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I should not have been unmindful of you, even tho you had not call’d upon me to exert myself. I should be the most ungrateful of Mortals, if I did not always with Gratitude remember so kind a Benefactor, as you have been to me both in Sickness, and in Health. How often has your kind hand supported me when I was more helpless than an Infant. How often have you revived me by your Vital Heat? And...
I have nothing to do at present but to play with my Pen. I have long thought with Horace in his Dulce desipere: But now they tell me it is Utile dulci. I dare not think, for fear of injuring my Health, and for my soul I cannot set still without Thinking; so I am necessitated to keep my Pen in Motion to avoid it, and I believe you are well satisfyd it has answerd the End. I rejoice to hear you...
I suppose you have written to me, tho I have not received it, for Mr. Ayers left his pocket Book with the Letters at Roxbury. However full in the Faith that I have a Letter there, I return you my thanks for it. We are all very sollicitious to hear from you; Brother has they tell us two eruptions; upon which I congratulate him. I hear also that he is in high Spirits, and more agreeable than...
We are impatiently waiting for Intelligence of further Particulars from Boston. We have only heard that General How and his Army have left it, and that General Washington with a Part of his, has taken Possession of it. How shall I express my Joy to you at this great Event! As we are in Possession of Dorchester Heights, Charlestown Heights and Noddles Island, I think there can be no Danger of...
It is with Shame, and Confusion of Face, that I acknowledge that your agreable Favour of April the twenty sixth, came duely to my Hand and has laid by me unanswered to this Time. There has been as much Folly and Inattention to my own Pleasure, and Interest, in this Negligence as there is of Ingratitude to you, for in the sincerity of my Heart I declare, that none of the Letters of my numerous...
Your Favour of the 17th. I received by Yesterdays Post. Am much obliged, to you for your judicious Observations of the Spirit of Com­ merce and Privateering, and many other Subjects, which I have not Time to consider, at present. I mean to express my Sentiments of them in this Letter. You tell me a Plan is forming for immediately erecting a Foundery. I wish you would oblige me so much as to...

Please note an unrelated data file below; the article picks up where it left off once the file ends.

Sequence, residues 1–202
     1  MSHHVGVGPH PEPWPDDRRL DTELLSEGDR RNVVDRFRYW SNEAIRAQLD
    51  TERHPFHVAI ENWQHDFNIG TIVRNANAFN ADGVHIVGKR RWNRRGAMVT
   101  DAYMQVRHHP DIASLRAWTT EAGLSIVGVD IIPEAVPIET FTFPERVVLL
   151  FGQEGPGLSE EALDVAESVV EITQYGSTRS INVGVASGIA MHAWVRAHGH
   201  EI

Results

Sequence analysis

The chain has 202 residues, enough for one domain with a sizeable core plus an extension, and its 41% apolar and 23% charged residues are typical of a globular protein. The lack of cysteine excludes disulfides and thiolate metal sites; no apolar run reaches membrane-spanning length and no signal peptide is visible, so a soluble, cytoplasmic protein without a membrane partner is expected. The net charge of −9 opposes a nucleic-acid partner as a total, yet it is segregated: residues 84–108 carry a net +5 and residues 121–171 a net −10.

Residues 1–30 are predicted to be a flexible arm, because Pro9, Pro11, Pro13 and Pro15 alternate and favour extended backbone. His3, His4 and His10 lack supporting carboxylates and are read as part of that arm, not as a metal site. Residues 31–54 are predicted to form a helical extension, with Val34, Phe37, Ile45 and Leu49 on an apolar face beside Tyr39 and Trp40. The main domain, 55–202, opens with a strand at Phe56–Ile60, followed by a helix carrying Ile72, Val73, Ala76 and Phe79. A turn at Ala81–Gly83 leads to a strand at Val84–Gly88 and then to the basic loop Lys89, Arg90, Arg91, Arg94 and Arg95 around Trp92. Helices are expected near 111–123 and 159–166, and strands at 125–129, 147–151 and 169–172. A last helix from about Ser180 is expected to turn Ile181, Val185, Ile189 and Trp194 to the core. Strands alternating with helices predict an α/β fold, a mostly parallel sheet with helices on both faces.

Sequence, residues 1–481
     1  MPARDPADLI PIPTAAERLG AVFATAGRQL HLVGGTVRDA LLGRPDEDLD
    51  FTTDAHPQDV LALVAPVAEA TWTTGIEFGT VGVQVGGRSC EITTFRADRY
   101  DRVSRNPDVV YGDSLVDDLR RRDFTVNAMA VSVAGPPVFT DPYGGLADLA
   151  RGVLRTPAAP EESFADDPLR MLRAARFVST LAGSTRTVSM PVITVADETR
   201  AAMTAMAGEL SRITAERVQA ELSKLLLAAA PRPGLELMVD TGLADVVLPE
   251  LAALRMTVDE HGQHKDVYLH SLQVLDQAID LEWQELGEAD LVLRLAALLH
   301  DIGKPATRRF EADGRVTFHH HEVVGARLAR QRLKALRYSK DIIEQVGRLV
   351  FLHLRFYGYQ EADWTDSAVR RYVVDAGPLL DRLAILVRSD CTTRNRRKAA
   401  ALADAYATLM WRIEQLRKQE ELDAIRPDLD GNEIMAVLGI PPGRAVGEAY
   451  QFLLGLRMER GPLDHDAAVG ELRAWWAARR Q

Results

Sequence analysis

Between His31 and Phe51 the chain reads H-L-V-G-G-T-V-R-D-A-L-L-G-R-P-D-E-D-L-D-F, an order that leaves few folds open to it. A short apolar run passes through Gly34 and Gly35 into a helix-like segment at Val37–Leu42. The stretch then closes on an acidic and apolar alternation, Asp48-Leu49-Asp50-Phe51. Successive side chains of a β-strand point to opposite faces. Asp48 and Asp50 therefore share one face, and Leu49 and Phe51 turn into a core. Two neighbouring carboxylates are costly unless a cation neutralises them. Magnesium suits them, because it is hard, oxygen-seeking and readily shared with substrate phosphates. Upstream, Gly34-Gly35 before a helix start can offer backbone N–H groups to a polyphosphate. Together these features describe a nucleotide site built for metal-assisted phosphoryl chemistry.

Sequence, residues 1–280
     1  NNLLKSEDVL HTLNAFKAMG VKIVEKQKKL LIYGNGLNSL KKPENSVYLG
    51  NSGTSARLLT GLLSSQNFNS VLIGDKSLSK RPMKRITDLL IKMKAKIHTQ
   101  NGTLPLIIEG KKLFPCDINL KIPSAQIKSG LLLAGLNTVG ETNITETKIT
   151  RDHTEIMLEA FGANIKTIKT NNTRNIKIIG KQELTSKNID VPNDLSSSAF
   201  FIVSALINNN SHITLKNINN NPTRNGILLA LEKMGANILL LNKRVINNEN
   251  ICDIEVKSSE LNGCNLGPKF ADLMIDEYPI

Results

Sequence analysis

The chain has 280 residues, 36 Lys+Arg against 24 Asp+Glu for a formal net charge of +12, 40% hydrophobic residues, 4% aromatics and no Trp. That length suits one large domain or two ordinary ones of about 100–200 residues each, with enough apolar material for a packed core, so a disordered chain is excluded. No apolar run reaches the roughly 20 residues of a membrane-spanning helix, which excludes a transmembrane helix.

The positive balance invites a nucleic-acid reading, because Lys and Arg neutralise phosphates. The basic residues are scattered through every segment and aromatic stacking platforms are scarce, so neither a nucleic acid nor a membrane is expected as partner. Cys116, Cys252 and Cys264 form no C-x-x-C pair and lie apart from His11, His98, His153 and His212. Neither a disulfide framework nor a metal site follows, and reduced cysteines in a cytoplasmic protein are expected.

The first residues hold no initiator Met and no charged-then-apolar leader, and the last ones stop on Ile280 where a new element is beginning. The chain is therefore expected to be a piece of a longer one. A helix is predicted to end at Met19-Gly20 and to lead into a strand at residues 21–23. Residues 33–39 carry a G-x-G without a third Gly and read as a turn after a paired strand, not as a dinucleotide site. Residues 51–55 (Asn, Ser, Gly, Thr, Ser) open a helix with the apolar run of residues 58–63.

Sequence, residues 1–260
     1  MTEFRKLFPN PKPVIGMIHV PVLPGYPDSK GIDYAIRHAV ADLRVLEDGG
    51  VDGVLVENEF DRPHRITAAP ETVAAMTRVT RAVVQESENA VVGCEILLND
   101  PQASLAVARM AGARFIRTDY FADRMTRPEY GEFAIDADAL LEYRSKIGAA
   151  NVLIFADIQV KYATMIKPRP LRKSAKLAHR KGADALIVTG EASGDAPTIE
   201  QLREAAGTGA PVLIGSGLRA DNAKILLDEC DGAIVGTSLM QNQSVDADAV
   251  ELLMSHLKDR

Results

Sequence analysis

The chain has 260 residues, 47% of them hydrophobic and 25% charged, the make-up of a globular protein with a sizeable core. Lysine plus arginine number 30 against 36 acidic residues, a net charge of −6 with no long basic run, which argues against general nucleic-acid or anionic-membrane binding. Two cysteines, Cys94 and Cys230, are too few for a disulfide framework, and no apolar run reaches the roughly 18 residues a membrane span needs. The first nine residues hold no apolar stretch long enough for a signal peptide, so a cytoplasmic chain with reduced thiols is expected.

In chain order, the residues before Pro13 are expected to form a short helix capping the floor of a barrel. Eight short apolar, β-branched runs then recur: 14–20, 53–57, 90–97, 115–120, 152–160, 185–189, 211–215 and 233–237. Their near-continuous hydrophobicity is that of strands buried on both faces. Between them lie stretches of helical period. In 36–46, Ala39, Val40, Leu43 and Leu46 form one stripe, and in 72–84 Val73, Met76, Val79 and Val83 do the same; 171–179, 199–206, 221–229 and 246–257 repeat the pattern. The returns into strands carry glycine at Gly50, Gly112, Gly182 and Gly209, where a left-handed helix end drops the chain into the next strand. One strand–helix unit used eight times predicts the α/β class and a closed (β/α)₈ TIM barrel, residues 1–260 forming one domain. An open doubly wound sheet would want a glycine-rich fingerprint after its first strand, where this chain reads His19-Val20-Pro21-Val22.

Yours of July 5th. never reached me, till this Morning. I greatly regret its delay. But that it might answer its End, without further Loss of Time, I waited on my Friend Dr. Rush, an eminent Phisician of this City, and a worthy Friend of mine, who with a Politeness and Benevolence, becoming his Character, promised to furnish me with his Sentiments, concerning Inocculation, so that I may...
I have the Pleasure of yours of the 5th. of August, for which I am much obliged to you. It is a great Satisfaction to me to be informed, of the Particulars which are enumerated in your Letter, upon which the Happiness of the People and their Exertions in the Cause so much depend. I am not able to inform you of any News, except what the News Papers contain. Those inclosed, contain some Things...
Your Favour of July 25th was received in Paris in my Absence, and I have never had opportunity, to acknowledge it, till now. You are now I hope happy, both in the Constitution and Administration of Government. It cannot be long before We shall see the Lists. I am obliged to you for the Journal of the Weather, but cannot admit your Excuse for not writing me Politicks. Every one says you will...
I have only time to inclose a few Papers and to pray for your Health and Prosperity. I am much distressed for my Brother Cranch as the last Accounts were allarming. So pleasing a Friendship of near 30 Years standing is a Blessing not to be replaced. I cannot give up the Hopes that I may yet see him in good Health. My worthy Father Smith must be greatly afflicted at this Sickness. The sorrows...